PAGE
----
Elijah, in the Book of Kings, searched for God in a hurricane, an earthquake, a fire, and finally found God in a still small voice of silence. In that moment, maybe a fleeting second, time stood still and there was only Elijah and God. If Elijah did not find God in the hurricane or fire, but only in silence, and if Jesus found perfect peace in the desert alone, and if some say that silence is the first language of God, then why do we often avoid it, squirming and counting the seconds with such impatience when we are asked to be still for a few moments?

Keeping silence is contrary to our culture and to our human condition. Research shows that leaving subjects alone for 10 minutes without a phone or music or screens results in great discomfort and an inability to concentrate. In one study, over a third of the participants had to give up. Apparently, we humans are worse than goldfish at concentrating. We average 8 seconds and goldfish can maintain focus for 9.

And yet, the benefits of a short period of silence are clear for our physical and emotional wellbeing. We breathe better, are more relaxed and better focused. And as spiritual seekers, silence may be the most profound pathway into communion with God.

“In the stillness of the quiet, if we listen, we can hear
the whisper of the heart giving strength to weakness,
courage to fear, hope to despair.”
– Howard Thurman

Silence may not be just an absence of sound, but actually a phenomenon in and of itself. Silence can take us out of ourselves, transcending into God’s presence, granting us a time to “be still and know that I am God”.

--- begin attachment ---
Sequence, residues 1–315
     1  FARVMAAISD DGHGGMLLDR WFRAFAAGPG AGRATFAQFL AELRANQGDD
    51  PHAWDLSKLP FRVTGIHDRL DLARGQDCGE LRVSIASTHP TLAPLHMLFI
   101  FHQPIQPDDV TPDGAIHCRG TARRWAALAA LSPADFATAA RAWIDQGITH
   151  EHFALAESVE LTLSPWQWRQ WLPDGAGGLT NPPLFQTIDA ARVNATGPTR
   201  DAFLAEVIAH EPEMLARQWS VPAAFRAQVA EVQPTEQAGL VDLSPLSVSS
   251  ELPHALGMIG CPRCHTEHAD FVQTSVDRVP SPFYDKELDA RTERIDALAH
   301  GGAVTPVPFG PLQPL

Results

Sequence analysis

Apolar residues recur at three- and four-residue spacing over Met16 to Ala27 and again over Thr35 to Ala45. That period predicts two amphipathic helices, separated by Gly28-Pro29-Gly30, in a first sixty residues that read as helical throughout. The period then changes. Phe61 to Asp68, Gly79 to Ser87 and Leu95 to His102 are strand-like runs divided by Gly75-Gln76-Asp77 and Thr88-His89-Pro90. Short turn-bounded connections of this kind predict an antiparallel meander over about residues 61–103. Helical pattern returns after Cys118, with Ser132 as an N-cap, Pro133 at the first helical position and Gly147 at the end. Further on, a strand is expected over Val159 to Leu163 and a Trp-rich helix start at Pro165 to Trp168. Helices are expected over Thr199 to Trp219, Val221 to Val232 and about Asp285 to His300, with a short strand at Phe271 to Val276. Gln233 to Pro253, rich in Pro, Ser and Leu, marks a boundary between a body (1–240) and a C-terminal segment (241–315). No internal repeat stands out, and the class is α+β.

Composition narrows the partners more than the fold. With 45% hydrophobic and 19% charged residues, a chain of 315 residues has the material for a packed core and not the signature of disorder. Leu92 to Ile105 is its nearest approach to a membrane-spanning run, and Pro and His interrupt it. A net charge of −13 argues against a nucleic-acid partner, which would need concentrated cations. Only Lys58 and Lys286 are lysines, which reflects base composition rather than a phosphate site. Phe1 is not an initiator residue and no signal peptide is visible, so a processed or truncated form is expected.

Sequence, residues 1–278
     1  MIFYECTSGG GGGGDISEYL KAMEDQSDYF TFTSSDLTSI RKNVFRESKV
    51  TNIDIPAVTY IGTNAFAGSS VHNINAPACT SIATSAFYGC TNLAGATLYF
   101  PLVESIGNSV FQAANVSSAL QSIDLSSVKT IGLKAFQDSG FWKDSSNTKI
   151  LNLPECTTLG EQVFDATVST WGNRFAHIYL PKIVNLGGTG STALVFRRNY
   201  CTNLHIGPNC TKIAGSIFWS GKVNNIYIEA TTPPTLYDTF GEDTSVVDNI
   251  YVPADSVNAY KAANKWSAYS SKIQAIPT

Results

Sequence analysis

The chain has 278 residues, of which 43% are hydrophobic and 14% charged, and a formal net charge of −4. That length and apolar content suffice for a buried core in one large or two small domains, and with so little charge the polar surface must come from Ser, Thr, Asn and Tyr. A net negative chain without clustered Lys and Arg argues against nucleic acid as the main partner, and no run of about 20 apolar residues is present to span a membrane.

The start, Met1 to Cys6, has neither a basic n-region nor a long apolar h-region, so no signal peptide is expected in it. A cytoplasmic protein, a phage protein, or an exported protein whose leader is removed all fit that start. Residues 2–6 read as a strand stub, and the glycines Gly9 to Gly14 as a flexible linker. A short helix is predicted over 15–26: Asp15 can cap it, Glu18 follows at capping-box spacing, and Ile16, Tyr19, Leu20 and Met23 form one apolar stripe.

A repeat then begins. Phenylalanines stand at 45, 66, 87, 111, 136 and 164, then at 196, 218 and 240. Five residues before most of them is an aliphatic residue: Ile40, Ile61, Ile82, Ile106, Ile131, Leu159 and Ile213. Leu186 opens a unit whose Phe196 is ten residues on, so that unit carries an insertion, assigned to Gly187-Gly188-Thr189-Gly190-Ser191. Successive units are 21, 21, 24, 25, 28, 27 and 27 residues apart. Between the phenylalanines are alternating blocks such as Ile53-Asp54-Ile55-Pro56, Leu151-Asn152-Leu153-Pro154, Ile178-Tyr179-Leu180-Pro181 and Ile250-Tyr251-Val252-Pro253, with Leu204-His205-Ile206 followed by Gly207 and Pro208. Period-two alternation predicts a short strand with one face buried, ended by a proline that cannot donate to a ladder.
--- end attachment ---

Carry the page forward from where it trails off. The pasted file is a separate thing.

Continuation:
The Sunday morning service has a beautiful rhythm in which those 2 minutes and 10 seconds may be the purest core of our worship together. As the choir processes in we leave the outside world and all its material preoccupations, and gather into the sacred world of the liturgy, the formal prayers, the lessons and the homily. And then at last we enter the deepest chambers of the peace that passes understanding. We sense the pure presence of the Beloved, and from there we are invited to pray aloud together, pass the peace, commune together, and then are given the benediction as we return to the world outside.

“May we all grow in grace and peace, and not neglect
the silence that is printed in the center of our being.
It will not fail us.”
– Thomas Merton

– Diane Haavik


katie saral 2In December, we welcomed 24 new members into the All Souls family. Today and in the coming weeks, we’ll hear from many of them.

Hi, I’m Katie. I live in Berkeley/Oakland – a location right on the Hayward fault (as I was recently reminded) that has a USPS address in Berkeley but is legally within Oakland’s jurisdiction. I’ve been in the Bay Area since right after graduate school – a program for a Masters in English Literature, which, as the cliche goes, left me with no clear job direction except further schooling and the potential academic appointment. So, I shifted course and went to law school at UC Berkeley. Now I work as a health care regulatory attorney ‘in house’ for Kaiser Permanente. Outside of work, I read a lot, swim, and try to take in the natural world and appreciate the little pleasures en route through all the errands and mundanities. I’m grateful to have found All Souls. I was baptized and confirmed in the Episcopalian Church during my childhood/youth in Baltimore. So, when I suddenly felt the yearning for faith again last summer, I sought out an Episcopalian parish. All Souls has been so welcoming and I have found return to Sunday services to be very nourishing. I look forward to the completion of my first full liturgical year with the parish and to becoming more engaged with this community.

– Katie Saral

Faith in Words